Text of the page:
In many areas of contemporary development practice–from the formulation of local budgets to the delivery of education services–social accountability mechanisms are being employed to assist citizens in holding the state accountable and thus, hopefully, to improve development outcomes.
Today the world seems to hold its breath again amidst the sudden hike in food prices caused by a historical drought in the US and lack of rain in Eastern Europe. It is a thorny task to predict whether the very recent increases in food prices will unfold into magnitude of the crises seen in 2007-08 and again in 2010-2011: differences between now and then in the price of energy, a critical driver of food prices, give a reason for optimism; as does the hope that governments now better understand the painful consequences of some panic policies that have been put in place during previous episodes. On the other hand, months of volatility in global food prices, low food stocks and food security crisis alerts in parts of East and West Africa all paint a gloomy picture.
- Urban Development
New developments and curiosities from a changing global media landscape: People, Spaces, Deliberation brings trends and events to your attention that illustrate that tomorrow's media environment will look very different from today's, and will have little resemblance to yesterday's.
The World Bank is actively expanding its portfolio in the world’s most troubled conflict zones. This invites the question: What can the Bank accomplish in countries riven by conflict? I would flip this question around and ask: What steps are needed by the country to rebuild itself?
Whenever I have asked in-country practitioners (whether Bank staff or local NGOs or journalists) what the country really needs, the answer I have heard most often has been: “Jobs.” Get them good jobs, higher incomes, and break the vicious trap of poverty and violence, is the common refrain.
On June 6th, CGAP launched its annual and ever-growing photo contest that highlights the diversity and dynamism of microfinance around the world. Each year, the CGAP Photo Contest receives stunning photographs from around the world that help tell the story that CGAP’s work addresses.
Now in its 7th year, CGAP has asked entrants to focus on the broader issues that surround financial inclusion to help show the variety of formal and informal ways in which finance is woven into the fabric of poor people’s day-to-day activities. CGAP is continually trying to build upon the Contest’s success by challenging photographers to use their imaginations to capture microfinance in distinctive ways and diversify the representations of microfinance. In particular, photographers from South Asia that have consistently dominated the top prizes will need to continue wowing the judges for place as a finalist as more and more photographers from Sub-Saharan Africa, Latin America, and the Middle East deliver compelling work.
Over the last couple of years, the International Budget Partnership has published a set of fascinating case studies of campaigns on issues of government accountability, budget transparency and access to information. I finally sat down and read them all recently (the summer lull is a wonderful thing). What conclusions do they draw (see end of post for links to the case studies)?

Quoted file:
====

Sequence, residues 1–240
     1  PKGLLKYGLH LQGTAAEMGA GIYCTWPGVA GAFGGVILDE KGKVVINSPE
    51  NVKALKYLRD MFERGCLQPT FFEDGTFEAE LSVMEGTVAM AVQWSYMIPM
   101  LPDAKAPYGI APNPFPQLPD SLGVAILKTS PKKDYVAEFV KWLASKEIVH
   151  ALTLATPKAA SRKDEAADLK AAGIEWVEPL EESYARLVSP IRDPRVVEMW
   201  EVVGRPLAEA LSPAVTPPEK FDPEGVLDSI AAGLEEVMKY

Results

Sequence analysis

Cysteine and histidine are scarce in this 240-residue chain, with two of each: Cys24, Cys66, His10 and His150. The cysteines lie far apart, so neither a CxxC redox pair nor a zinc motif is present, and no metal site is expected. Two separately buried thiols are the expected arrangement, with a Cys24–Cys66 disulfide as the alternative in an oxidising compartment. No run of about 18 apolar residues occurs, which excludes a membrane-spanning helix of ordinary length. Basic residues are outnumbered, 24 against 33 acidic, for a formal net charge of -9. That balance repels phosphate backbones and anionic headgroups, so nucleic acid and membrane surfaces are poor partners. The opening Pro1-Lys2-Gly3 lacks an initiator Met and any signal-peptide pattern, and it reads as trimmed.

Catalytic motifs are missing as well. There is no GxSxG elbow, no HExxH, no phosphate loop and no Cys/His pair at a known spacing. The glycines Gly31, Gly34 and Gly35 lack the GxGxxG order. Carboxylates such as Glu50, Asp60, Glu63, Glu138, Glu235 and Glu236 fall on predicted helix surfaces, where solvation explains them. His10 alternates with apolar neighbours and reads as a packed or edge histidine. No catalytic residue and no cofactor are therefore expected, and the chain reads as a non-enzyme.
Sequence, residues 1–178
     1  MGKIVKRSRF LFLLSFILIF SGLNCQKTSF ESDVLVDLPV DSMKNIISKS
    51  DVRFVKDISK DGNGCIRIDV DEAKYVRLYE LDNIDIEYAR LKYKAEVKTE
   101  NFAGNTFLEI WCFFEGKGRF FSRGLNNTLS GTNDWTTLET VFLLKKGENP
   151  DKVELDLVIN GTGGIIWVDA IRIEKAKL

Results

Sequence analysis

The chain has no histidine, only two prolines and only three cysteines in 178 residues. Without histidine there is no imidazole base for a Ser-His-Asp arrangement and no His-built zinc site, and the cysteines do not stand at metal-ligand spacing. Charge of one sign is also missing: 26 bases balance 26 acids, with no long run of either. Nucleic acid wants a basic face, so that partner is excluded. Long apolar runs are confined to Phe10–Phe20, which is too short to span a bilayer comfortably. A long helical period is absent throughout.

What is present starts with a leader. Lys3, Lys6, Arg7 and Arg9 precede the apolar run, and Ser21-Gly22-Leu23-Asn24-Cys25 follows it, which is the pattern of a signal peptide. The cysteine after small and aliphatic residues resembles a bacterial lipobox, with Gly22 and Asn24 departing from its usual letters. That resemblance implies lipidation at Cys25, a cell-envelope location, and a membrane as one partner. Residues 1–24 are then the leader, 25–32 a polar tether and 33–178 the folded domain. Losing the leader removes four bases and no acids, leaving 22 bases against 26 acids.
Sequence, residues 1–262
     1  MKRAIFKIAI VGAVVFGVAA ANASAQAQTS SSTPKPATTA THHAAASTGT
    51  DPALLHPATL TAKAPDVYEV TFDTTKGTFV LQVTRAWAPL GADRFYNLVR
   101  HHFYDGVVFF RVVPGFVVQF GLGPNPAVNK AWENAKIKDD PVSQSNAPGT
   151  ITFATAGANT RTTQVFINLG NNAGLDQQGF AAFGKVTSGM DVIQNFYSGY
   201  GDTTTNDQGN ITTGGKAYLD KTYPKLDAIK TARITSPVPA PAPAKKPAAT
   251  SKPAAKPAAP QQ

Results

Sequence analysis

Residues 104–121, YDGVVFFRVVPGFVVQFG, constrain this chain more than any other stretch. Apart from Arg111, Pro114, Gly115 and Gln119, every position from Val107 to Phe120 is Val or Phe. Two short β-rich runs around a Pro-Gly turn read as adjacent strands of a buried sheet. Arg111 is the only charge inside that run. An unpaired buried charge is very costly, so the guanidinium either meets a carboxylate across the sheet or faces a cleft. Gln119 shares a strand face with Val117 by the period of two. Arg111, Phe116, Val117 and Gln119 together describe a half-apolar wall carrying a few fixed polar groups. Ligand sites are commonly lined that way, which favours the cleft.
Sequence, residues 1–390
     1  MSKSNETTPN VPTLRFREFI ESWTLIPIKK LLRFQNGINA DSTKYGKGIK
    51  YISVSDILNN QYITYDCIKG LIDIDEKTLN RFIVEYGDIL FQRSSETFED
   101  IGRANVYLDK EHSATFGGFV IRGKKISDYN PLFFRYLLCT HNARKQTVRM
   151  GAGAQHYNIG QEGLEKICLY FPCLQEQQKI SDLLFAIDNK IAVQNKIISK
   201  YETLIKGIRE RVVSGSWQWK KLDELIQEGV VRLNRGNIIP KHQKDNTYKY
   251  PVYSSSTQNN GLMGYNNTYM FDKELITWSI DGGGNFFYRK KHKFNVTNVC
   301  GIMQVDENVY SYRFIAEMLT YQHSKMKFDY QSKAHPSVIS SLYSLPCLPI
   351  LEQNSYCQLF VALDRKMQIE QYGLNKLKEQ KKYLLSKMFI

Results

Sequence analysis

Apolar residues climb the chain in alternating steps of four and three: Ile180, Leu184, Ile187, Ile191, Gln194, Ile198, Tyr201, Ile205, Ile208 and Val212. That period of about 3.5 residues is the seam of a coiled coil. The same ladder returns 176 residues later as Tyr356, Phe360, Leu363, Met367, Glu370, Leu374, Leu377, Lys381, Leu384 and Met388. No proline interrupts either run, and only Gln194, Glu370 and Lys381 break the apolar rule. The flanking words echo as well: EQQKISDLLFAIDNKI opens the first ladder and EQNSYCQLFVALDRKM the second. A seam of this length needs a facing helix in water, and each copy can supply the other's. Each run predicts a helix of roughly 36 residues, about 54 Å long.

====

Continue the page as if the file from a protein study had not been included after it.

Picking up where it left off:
As always, good case studies endorse some of your thinking, but also add some new ideas and insights (at least for me). The common ground is that multi-pronged approaches and alliances have more impact. Successful campaigns often work across multiple layers of government (village, district, state, federal), using multiple strategies (research and insider advocacy, street protest, media). The most effective alliances often bring together unusual suspects (eg radical grassroots CSOs and nerdy thinktanks in the Mexico subsidies campaign).
As food prices creep up again for the third time in five years, concerns about global food security are also on the rise. Right off the bat, three questions come to mind: Why this is happening? How does this affect Latin America and the Caribbean? What should we do about it?
The open agenda took a new twist a few weeks ago when Jamie Drummond, the Executive Director of ONE, talked about the open agenda at TEDGlobal by suggesting that post-MDG goals be “crowd-sourced,” i.e., people around the world should have a say in what they think the new MDGs should be. In a recent op-ed in the Globe and Mail, Drummond refers to this as the “bottom-up” poverty plan and notes, “A new plan can avoid the pitfalls of past top-down approaches – if it supports a more bottom-up citizen-led strategy for sustainable development.”
A paper, called Growing Cities Sustainably, was recently published in the Journal of the American Planning Association, which generated much debate on the benefits and disadvantages of the “compact” city model. The paper argues that for three studied regions in Britain, the current policy trend of promoting compact cities is actually economically and environmentally unsustainable. Britain has been very successful in implementing anti-sprawl policies, starting with the 1947 Town and Country Planning Act. The new paper compares the compaction model with planned expansion models in three urban regions and concludes “Smart growth principles should not unquestioningly promote increasing levels of compaction. In many cases, the potential socioeconomic consequences of less housing choice, crowding, and congestion may outweigh its very modest CO2 reduction benefits.”